When Regan Crummer stepped inside the St James Theatre for the first time, his mouth dropped open in awe.
The Auckland musician, entertainer and director is in the Gore Musical Theatre’s production of Mamma Mia, playing the main piano in the orchestra.
Crummer said he expected a typical small-town theatre building.
“I walked in and my mouth dropped open.
“It’s not like that at all.”
He became involved in the show through his friend Monica Moore, who is directing the production and also lives in Auckland.
Gore is not totally unfamiliar territory to Crummer who had lived in Dunedin for a while.
The show was pretty well non-stop, he said.
“It’s a lot of fun.”
The level of talent among the cast was extremely high, he said.
Kayla Wilcox, who plays Sophie, was among the many standouts in the show, he said.
The cameo roles acted by Fona Ramage and Raewyn Ramage brought another dimension to the show.
Another example of the clever casting was having Marty Grounds play the priest, which was a tiny part but one that left a lasting impression, he said.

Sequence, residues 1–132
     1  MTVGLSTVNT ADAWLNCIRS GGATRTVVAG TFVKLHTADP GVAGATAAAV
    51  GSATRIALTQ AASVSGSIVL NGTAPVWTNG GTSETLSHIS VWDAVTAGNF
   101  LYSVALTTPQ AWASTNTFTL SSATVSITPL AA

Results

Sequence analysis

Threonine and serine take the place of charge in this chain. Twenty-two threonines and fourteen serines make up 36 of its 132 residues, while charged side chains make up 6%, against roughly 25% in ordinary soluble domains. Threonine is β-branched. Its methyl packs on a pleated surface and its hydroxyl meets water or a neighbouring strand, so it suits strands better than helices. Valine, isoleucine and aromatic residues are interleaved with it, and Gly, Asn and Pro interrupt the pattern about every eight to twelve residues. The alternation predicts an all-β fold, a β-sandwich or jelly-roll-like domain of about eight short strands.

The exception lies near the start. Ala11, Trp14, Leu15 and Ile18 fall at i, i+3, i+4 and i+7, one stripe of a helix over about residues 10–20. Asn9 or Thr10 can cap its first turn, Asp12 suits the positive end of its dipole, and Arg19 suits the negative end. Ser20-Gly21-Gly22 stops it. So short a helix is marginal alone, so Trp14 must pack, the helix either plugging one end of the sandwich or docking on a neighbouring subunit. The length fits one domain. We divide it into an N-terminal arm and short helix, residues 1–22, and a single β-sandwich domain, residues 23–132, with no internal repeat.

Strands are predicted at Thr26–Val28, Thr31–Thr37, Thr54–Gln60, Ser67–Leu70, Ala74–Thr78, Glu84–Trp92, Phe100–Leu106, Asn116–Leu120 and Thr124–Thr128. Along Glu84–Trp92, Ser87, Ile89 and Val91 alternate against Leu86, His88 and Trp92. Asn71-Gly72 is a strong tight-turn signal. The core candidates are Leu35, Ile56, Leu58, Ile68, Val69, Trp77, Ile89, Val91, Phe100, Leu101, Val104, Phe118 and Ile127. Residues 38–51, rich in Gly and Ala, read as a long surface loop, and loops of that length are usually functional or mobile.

Nicole Parry’s dancing talent had not escaped his eye.
Parry’s dancing drew the eye of the audience, he said.
There was also some great singing talent, he said.
He was impressed by the number of young people involved in the production.
The show was of a very high standard, he said.
“I think Gore should be really proud of what the local company has achieved here.”
The St James Theatre was a fantastic space, he said.
He felt like he had become part of a close-knit family since being involved in the show, he said.
He had not been involved in a production of Mamma Miabefore but had seen it performed twice.
“I’d love to direct it,” he said.
He was also keen to come back to Gore and direct a show in the town.
He believed there was the potential to do much more in the way of theatre in Gore.
He believed Gore Musical Theatre could do another show a year, which would provide a further opportunity for young people to be involved in theatre, he said.
“There could be another Russell Crowe or George Henare in the mix here.”